T Cell Infiltrate Predicts Long-Term Survival Following Resection of Colorectal Cancer Liver Metastases
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- Katz, S.C., Pillarisetty, V., Bamboat, Z.M. et al. Ann Surg Oncol (2009) 16: 2524. doi:10.1245/s10434-009-0585-3
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While tumor infiltrating lymphocytes (TIL) have been shown to independently predict survival in primary colorectal cancer, the prognostic implications of TIL in resectable colorectal cancer liver metastases (CRCLM) have not been previously defined. This study examines the correlation between TIL numbers and survival following hepatic resection.
We studied patients who survived ≤2 or ≥10 years following CRCLM resection. Immunohistochemistry was performed on tissue microarrays (TMAs) to determine the number of T cells within CRCLM. Correlation between TIL frequency and ≤2 or ≥10 year survival was determined while controlling for established prognostic factors.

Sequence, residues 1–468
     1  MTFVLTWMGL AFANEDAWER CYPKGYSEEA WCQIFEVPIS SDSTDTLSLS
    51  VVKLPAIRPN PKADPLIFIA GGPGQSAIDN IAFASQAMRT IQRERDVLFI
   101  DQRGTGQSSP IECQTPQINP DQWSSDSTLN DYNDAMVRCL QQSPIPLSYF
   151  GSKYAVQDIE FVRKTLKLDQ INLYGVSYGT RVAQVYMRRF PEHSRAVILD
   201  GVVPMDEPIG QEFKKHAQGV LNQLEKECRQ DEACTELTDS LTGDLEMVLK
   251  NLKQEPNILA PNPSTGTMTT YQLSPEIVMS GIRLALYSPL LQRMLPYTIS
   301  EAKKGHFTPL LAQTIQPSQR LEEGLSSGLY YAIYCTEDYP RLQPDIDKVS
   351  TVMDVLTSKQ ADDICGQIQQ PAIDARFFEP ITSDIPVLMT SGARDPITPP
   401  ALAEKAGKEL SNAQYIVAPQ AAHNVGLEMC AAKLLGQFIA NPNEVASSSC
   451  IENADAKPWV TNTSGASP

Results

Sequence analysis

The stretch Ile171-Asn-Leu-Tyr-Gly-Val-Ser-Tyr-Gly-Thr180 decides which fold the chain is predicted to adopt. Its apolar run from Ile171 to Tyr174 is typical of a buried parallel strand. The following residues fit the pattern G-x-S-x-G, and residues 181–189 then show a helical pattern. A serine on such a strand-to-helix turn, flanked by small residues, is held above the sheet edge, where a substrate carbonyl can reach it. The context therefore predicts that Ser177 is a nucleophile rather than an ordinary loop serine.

Of 162 patients, 104 survived ≤2 years and 58 survived ≥10 years. Independent correlates of 10-year survival following CRCLM resection included a high number of CD8 T cells, a low number of CD4 T cells, and a clinical risk score of ≤2 (P < 0.001). Among 10-year survivors, 31% of patients had a high number of CD8 T cells compared with 8% for ≤2 year survivors (P < 0.01). Surprisingly, only 22% of 10-year survivors had a high number of CD4 T cells, in contrast to 69% of those who died within 2 years (P < 0.001). The combination of CD8 and CD4 T cell counts was a more powerful predictor of survival than either marker alone.
CRCLM T cell number is an independent correlate of long-term survival following liver resection. We conclude that CRCLM TIL analysis represents a potentially powerful prognostic tool which will require further validation prior to broad application.